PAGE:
Other Qualifications We welcome applicants with non-standard qualifications or relevant experience, and applicants with other internationally recognised qualifications. For more information please visit the international entry requirements page. We do not require applicants to have passed the LNAT.
Access Courses Access to HE Diploma (QAA-recognised) with 60 credits including 45 at level 3, of which 33 credits must be at Distinction Level and the remainder at Merit Level
Warwick International Foundation Programme (IFP) All students who successfully complete the Warwick IFP and apply to Warwick through UCAS will receive a guaranteed conditional offer for a related undergraduate programme (selected courses only). For full details of standard offers and conditions visit the IFP page.
General Studies/Critical Thinking General Studies/Critical Thinking – normally excluded from offers
Taking a gap year We welcome applications for deferred entry.
Interviews We do not typically interview applicants.Offers are made based on your predicted and actual grades, along with your personal statement. Occasionally, some applicants may be interviewed, for example candidates returning to study or those with non-standard qualifications.
Departmental Open Days Applicants offered conditional or unconditional places will be invited to attend a Departmental Open Day, normally held on a Wednesday in late February, mid-March and early May. Click here for more information about visiting the law school. Click here for information about Open Days at the Department of Sociology.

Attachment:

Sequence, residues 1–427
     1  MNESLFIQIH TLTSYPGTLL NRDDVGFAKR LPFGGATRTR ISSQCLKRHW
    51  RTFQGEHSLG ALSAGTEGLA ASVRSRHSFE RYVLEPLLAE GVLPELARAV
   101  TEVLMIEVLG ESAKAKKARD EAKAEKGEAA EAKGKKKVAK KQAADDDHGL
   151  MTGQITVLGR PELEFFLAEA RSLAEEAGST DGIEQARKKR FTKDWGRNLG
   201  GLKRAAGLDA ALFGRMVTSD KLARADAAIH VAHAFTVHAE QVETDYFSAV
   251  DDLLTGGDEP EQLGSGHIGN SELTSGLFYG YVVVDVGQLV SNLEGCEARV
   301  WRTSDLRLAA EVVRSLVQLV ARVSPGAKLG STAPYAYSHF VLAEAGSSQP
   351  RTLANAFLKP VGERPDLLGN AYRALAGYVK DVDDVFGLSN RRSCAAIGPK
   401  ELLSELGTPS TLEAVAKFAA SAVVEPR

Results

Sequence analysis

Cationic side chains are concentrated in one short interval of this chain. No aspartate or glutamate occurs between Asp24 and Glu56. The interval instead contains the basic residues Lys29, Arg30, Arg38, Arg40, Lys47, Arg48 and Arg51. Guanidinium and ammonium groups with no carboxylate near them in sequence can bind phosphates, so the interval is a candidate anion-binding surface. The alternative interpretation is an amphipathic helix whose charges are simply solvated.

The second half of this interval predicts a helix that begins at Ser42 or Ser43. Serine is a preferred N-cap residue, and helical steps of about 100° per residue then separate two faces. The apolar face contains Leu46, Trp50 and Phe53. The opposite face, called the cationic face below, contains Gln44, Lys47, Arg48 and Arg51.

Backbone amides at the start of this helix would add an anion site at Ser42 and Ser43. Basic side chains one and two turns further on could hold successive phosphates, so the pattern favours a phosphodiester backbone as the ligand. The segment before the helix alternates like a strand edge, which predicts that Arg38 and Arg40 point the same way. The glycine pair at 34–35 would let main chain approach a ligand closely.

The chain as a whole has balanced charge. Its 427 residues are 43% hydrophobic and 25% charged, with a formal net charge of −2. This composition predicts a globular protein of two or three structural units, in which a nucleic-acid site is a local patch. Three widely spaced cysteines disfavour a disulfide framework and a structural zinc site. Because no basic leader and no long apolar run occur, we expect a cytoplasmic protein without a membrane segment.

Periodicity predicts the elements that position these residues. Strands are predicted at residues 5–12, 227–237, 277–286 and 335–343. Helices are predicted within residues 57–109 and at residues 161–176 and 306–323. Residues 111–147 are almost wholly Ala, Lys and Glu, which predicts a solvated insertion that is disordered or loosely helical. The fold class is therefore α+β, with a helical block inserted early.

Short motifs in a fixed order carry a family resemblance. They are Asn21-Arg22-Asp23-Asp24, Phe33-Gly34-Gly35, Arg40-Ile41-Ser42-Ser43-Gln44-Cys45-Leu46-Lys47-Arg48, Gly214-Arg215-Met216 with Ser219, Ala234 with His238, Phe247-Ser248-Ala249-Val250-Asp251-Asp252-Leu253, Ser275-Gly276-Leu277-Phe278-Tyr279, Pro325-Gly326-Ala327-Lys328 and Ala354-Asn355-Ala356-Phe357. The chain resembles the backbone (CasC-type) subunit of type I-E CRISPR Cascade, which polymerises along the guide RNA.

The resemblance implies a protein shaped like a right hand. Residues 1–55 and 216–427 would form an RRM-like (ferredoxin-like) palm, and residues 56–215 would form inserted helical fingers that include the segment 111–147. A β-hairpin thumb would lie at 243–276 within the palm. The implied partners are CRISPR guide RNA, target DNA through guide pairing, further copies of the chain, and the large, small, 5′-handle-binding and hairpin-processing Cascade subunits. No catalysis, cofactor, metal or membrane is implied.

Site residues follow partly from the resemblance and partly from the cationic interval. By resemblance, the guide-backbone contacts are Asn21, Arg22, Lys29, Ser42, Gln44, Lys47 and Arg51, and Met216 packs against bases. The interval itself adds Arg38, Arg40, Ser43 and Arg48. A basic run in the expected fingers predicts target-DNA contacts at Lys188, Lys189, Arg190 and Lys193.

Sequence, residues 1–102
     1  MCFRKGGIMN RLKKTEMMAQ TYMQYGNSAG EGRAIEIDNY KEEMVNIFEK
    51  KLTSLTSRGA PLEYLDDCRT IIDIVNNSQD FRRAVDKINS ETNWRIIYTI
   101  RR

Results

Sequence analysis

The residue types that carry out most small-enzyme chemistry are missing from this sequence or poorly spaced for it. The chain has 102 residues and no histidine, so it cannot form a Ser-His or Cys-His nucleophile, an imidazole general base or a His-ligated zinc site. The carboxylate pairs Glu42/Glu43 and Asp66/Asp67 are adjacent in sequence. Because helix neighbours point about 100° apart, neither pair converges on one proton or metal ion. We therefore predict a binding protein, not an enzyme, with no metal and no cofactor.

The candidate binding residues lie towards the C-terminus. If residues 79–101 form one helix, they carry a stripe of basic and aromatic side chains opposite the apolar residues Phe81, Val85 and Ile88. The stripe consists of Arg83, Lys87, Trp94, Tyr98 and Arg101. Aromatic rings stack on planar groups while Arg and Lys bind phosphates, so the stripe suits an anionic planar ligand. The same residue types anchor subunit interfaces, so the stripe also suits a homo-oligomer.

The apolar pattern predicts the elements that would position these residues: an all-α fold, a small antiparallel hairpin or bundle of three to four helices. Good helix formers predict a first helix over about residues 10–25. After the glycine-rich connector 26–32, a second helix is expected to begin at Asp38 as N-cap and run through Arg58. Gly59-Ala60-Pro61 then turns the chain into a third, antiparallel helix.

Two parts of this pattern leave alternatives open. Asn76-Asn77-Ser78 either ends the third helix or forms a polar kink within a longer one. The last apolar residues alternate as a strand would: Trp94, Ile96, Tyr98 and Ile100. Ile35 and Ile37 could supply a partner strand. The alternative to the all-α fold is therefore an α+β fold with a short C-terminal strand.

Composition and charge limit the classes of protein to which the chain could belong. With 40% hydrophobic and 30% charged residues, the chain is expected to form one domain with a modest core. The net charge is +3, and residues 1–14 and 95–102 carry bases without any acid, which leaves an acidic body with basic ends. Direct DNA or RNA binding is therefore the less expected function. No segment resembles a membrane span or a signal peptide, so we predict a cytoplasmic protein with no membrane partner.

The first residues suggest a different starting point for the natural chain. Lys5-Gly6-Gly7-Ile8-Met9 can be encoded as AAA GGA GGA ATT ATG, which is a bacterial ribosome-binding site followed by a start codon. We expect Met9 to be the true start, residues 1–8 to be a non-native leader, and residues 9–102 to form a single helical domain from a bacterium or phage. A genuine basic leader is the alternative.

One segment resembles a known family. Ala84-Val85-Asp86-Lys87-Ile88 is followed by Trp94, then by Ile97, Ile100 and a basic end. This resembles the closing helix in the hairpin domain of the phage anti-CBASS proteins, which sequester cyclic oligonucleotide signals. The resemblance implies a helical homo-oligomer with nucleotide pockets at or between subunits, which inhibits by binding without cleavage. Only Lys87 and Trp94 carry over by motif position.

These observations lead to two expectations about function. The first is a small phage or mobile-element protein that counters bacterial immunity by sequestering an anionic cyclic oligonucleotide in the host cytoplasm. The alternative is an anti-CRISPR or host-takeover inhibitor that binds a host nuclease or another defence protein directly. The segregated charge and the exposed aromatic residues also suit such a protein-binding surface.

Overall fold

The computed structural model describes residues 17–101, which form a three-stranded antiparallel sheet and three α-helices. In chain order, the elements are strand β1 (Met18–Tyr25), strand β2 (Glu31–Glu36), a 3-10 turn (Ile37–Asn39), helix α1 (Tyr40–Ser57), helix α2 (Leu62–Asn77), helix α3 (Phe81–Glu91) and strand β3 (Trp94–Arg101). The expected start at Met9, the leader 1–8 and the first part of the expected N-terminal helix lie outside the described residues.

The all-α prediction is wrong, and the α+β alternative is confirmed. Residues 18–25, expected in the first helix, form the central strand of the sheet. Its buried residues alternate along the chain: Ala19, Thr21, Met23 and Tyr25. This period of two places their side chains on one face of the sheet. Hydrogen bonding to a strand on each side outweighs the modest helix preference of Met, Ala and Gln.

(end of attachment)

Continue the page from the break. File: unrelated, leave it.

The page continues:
How will I learn?
Each module in Law usually has a weekly lecture that is two hours long. In addition, you will attend regular seminars (around 7 per term per module) which offer opportunities for legal problem solving and discussion of ethical or policy issues relating to the law. Each module in Sociology usually has a weekly one-hour lecture followed by a weekly seminar class which provides the opportunity to discuss, debate and critically analyse sociological concepts, theories, methods and phenomena. Some modules also include workshops and external activities as well as opportunities to conduct research alongside academics. Staff also have regular office hours in which you can discuss issues outside the seminar setting and get face-to-face feedback and advice. We employ a range of innovative teaching methods, such as performance based learning, film and visual media, group work, debating and mooting, reflective journals and dramatised dissertations.
Our commitment to rigorous, research-led teaching in Sociology and Law means that we ask for consistent work and for your full commitment and engagement throughout the course. In return, we will give you all the support and advice needed to help you realise your full potential.
How will I be assessed?
We offer a variety of assessment methods, with emphasis placed on deepening your skills and knowledge progressively and widening your skillset. Feedback is provided regularly via class tests, essays and other formative and summative written work. For your Sociology modules you can choose to weight your degree towards either examinations or essays.
Can I study abroad?
All students have the opportunity to apply for an intercalated year abroad at one of our partner universities. The Study Abroad Team based in the International Office offers support for these activities, and the Sociology Department’s dedicated Study Abroad Coordinator can provide more specific information and assistance.
Scheme of Study
Four years full-time study leading to the degree of: